CDC7-DBF4 kinase (DDK) initiates DNA replication in eukaryotes by activating the replicative MCM helicase. DDK has diverse and apparently conflicting roles in the replication checkpoint response in various organisms, but the underlying mechanisms are far from settled. We show that human DDK promotes limited resection of newly synthesized DNA at stalled replication forks or sites of DNA damage to initiate replication checkpoint signaling. DDK is also required for efficient fork restart and G2/M cell cycle arrest. DDK exhibits genetic interactions with the ssDNA exonuclease EXO1 and phosphorylates EXO1 in vitro. EXO1 is also required for nascent strand degradation following exposure to HU, so DDK might regulate EXO1 directly. Lastly, sublethal DDK inhibition causes various mitotic abnormalities, which is consistent with a checkpoint deficiency. In summary, DDK has a primary and previously undescribed role in the replication checkpoint to promote ssDNA accumulation at stalled forks, which is required to initiate a robust checkpoint response and cell cycle arrest to maintain genome integrity.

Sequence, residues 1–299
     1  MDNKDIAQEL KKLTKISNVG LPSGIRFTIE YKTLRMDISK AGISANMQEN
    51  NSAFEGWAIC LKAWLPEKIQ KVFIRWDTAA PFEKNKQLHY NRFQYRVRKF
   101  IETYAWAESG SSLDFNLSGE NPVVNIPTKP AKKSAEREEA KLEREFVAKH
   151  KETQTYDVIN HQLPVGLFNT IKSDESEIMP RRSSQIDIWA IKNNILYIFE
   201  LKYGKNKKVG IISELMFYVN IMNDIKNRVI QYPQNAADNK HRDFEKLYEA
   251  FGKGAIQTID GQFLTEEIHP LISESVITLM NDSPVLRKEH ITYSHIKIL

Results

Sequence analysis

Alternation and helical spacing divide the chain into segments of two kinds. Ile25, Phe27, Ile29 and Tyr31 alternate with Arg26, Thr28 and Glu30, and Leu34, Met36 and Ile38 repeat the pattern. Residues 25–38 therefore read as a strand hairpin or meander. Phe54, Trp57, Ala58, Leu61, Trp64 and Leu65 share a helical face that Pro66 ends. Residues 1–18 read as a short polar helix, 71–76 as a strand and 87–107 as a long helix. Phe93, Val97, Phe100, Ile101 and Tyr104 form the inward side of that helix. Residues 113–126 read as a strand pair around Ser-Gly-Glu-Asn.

Sasi, N. K., Coquel, F., Lin, Y. L., MacKeigan, J. P., Pasero, P., & Weinreich, M. (2018). DDK Has a Primary Role in Processing Stalled Replication Forks to Initiate Downstream Checkpoint Signaling. Neoplasia (United States), 20(10), 985–995. https://doi.org/10.1016/j.neo.2018.08.001